Funding shortages, insufficient knowledge of materials and technology, and conflicting interests are often the hurdles that preservationists face in the fight to save 20th century modernist landmarks. In recent years we've lost Bertrand Goldberg's Prentice Women's Hospital in Chicago and Neutra's Cyclorama at Gettysburg to demolition, and soon Paul Rudolph's Government Center in Goshen will likely meet the same sad fate. The Getty Foundation, however, is taking steps to protect other significant buildings of this period through its second annual Keeping it Modern grant initiative, totaling $1.75 million. The organization announced 14 international projects that will receive grant funding, including such buildings as Frank Lloyd Wright’s Unity Temple, Walter Gropius’ residence ‘The Gropius House,’ and João Batista Vilanova Artigas and Carlos Cascaldi’s School of Architecture and Urbanism at the University of São Paulo (FAUUSP). “Last year’s launch of Keeping It Modern emphasized that modern architecture is a defining artistic form of the 20th century at considerable risk, often due to the cutting-edge building materials that characterized the movement,” said Deborah Marrow, director of the Getty Foundation. “This new round of Keeping It Modern grants includes some of the finest examples of modern architecture in the world. The grant projects address challenges for the field of architectural conservation and will have impact far beyond the individual buildings to be conserved.” Below, see the remaining projects.
Posts tagged with "Neutra":
While Tiger Woods and Phil Mickelson were busy fighting for supremacy at Pebble Beach last weekend, another important battle was taking place just down the street (unbeknownst to almost everyone). Richard Neutra's 4,124 square foot Connell House (1958) in Pebble Beach is being slated for demolition in favor of a 12,000 square foot behemoth mega-mansion. The new home was proposed in December, and still needs several permissions for approval. Author Barbara Lamprecht, author of Richard Neutra: Complete Works (Taschen), has written a letter to the Monterey County Planning Department urging it to save the "aesthetically compelling, spatially complex house," with its "careful asymmetric composition of volumes and opposing opaque (stucco) and transparent (glass) planes." She encourages others to contact the department as well. Think of it as a pro/am for architecture buffs.
After a lengthy battle Richard Neutra's Kronish House in Beverly Hills has been saved. Completed in 1955, the house, considered one of Neutra's finest (and largest), came very close to its demise this summer after its new owners refused preservationists' pleas and began the demolition process. But after the outcry got louder, the owners placed the demolition on hold, and now a buyer with an interest in restoring the home has just closed on the house. Redfin lists the price at $12.8 million, and the buyer remains a mystery. Meanwhile the city of Beverly Hills still has no preservation ordinance, although officials claim to be developing one. Let's get moving Beverly Hills, before another masterpiece isn't so lucky.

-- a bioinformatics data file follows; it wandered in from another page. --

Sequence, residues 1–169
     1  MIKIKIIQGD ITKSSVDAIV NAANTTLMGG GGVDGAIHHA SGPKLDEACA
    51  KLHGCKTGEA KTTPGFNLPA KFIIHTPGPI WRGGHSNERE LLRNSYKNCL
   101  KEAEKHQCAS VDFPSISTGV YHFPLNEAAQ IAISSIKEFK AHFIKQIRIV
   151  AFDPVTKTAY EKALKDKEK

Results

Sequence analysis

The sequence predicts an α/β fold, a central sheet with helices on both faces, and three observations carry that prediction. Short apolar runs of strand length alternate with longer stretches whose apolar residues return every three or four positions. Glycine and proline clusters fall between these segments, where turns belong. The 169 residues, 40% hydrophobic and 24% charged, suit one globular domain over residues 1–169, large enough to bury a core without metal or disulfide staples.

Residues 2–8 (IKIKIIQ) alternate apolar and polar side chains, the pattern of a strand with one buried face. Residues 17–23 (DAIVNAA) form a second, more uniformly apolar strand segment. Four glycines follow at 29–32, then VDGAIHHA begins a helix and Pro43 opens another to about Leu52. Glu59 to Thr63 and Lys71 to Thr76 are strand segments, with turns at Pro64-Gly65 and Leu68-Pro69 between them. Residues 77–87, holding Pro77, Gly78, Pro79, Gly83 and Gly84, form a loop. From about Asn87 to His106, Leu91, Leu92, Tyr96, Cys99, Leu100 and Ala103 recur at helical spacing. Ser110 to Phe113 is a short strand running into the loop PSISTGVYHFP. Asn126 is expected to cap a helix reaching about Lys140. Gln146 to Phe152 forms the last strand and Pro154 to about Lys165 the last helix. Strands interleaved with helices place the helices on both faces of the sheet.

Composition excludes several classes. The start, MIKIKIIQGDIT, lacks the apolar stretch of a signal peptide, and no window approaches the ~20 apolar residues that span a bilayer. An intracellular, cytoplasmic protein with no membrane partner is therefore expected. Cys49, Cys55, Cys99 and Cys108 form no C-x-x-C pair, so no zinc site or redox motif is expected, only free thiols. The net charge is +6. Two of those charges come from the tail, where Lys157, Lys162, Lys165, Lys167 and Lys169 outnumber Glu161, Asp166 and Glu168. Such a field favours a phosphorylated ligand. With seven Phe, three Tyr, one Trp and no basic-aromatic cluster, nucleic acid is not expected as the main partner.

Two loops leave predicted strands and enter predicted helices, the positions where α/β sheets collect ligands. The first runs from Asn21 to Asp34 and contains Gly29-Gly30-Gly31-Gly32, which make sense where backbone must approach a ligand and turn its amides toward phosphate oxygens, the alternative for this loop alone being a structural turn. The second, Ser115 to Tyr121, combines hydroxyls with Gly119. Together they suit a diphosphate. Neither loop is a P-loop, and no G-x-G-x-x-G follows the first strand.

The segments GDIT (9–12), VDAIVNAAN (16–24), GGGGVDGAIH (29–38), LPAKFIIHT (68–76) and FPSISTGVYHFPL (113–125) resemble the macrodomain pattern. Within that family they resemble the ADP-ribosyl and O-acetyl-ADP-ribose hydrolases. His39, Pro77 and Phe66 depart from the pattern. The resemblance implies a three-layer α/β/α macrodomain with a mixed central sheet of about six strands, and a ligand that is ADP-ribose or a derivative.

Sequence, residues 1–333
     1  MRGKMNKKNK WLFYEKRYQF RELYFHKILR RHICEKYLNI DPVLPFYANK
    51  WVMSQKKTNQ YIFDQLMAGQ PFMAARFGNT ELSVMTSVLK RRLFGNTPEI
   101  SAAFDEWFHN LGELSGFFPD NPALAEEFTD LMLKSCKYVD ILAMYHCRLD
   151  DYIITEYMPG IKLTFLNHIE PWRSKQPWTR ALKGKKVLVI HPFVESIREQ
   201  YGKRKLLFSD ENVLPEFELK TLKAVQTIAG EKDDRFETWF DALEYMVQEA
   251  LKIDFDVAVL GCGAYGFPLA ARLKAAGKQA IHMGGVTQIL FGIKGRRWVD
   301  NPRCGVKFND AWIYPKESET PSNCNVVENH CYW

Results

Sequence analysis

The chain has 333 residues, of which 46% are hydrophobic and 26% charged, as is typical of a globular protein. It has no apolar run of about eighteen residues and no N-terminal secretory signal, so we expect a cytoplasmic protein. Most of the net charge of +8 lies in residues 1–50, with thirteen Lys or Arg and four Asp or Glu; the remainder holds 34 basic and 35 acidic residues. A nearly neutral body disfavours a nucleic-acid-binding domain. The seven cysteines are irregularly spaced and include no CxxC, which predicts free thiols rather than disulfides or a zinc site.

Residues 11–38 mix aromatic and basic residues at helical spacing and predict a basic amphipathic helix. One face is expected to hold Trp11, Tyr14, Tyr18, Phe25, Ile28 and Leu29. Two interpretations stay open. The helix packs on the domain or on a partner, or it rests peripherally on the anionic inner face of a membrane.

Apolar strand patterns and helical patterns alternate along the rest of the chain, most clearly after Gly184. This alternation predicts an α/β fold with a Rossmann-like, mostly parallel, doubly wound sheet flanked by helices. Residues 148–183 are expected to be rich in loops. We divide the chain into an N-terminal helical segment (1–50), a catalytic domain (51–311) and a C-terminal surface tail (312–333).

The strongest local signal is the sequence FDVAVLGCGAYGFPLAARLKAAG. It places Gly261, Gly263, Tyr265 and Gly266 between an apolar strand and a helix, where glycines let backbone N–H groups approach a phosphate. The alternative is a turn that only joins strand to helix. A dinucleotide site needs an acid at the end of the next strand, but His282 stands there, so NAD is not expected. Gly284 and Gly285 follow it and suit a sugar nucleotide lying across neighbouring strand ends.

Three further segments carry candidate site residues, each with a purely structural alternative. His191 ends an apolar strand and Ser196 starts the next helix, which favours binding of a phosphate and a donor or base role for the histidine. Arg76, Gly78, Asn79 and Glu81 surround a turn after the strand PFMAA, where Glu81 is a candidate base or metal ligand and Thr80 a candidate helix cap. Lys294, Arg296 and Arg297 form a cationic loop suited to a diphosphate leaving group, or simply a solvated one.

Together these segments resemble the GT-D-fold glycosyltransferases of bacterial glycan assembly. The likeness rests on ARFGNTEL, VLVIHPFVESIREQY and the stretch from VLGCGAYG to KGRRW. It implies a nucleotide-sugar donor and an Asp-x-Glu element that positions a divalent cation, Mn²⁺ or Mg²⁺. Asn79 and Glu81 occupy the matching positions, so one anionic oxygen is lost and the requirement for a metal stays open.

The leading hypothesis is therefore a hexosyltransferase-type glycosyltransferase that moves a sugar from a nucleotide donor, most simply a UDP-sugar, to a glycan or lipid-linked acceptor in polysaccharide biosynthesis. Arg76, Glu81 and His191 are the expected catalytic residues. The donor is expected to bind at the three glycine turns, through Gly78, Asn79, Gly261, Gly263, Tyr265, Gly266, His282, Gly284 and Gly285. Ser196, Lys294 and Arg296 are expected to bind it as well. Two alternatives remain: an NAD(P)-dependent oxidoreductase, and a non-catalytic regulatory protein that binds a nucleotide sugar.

Steve Jobs would have been proud. So would Richard Neutra. The Neutra VDL House in Silver Lake now has its own iPad App. Developed by Sarah Lorenzen and David Hartwell, the app includes stunning new pictures of the iconic modernist house, tons of information about Neutra, an annotated historic timeline of the home, guided virtual tours, and information about the house's design, construction, and materiality. We especially love the 3d models, plans, and sections, which can be rotated on axis, giving you a new understanding of the house and providing some classic iPad fun.
Last month we reported on Beverly Hills' virtually nonexistent preservation policies and the destructive results for Modern architecture. Well those (lack of) rules seem to be at issue again, as we learn from Curbed LA that Richard Neutra's 1955 Kronish House is for sale, with a listing on Redfin emphasizing the land's "huge upside potential as a major estate." The listing does not even mention the name Neutra. The 7,000 square foot home on two acres was foreclosed on in January at $5.8 million. The listing invites buyers to "Bring your contractor to remodel the existing single story mid century home or build your dream home." According to the city it's too early to take any action, since no sale has taken place and no plans have been proposed. "As far as the city is concerned it's just a house for sale," said Beverly Hills spokesperson Therese Kosterman. "We can only deal with a proposal that's before us." Hopefully that proposal won't involve tearing down yet another midcentury masterpiece.
If you love the work of Richard Neutra or his son Dion, check out the round of festivities in LA this weekend that we like to call NEUTRAPALOOZA! They're otherwise known as the Neutra Practice 85th anniversary Celebration Party. Our favorite event is the "Followers of Famous Design Fathers" symposium on Saturday, which will include Eric Lloyd Wright, Emily Ain, and Nathaniel Kahn, among others. And for you lucky Neutra house owners, there's the Reunion of Neutra Owners, Clients, Collaborators, and Builders later in the day. The events end on Sunday with a comprehensive Neutra Interiors tour and a tour of Neutra's famous Lovell Health House in Los Feliz. If you're a Neutra fan you really shouldn't miss this. And if you're not, you'll probably become one if you go. Either way you can't lose.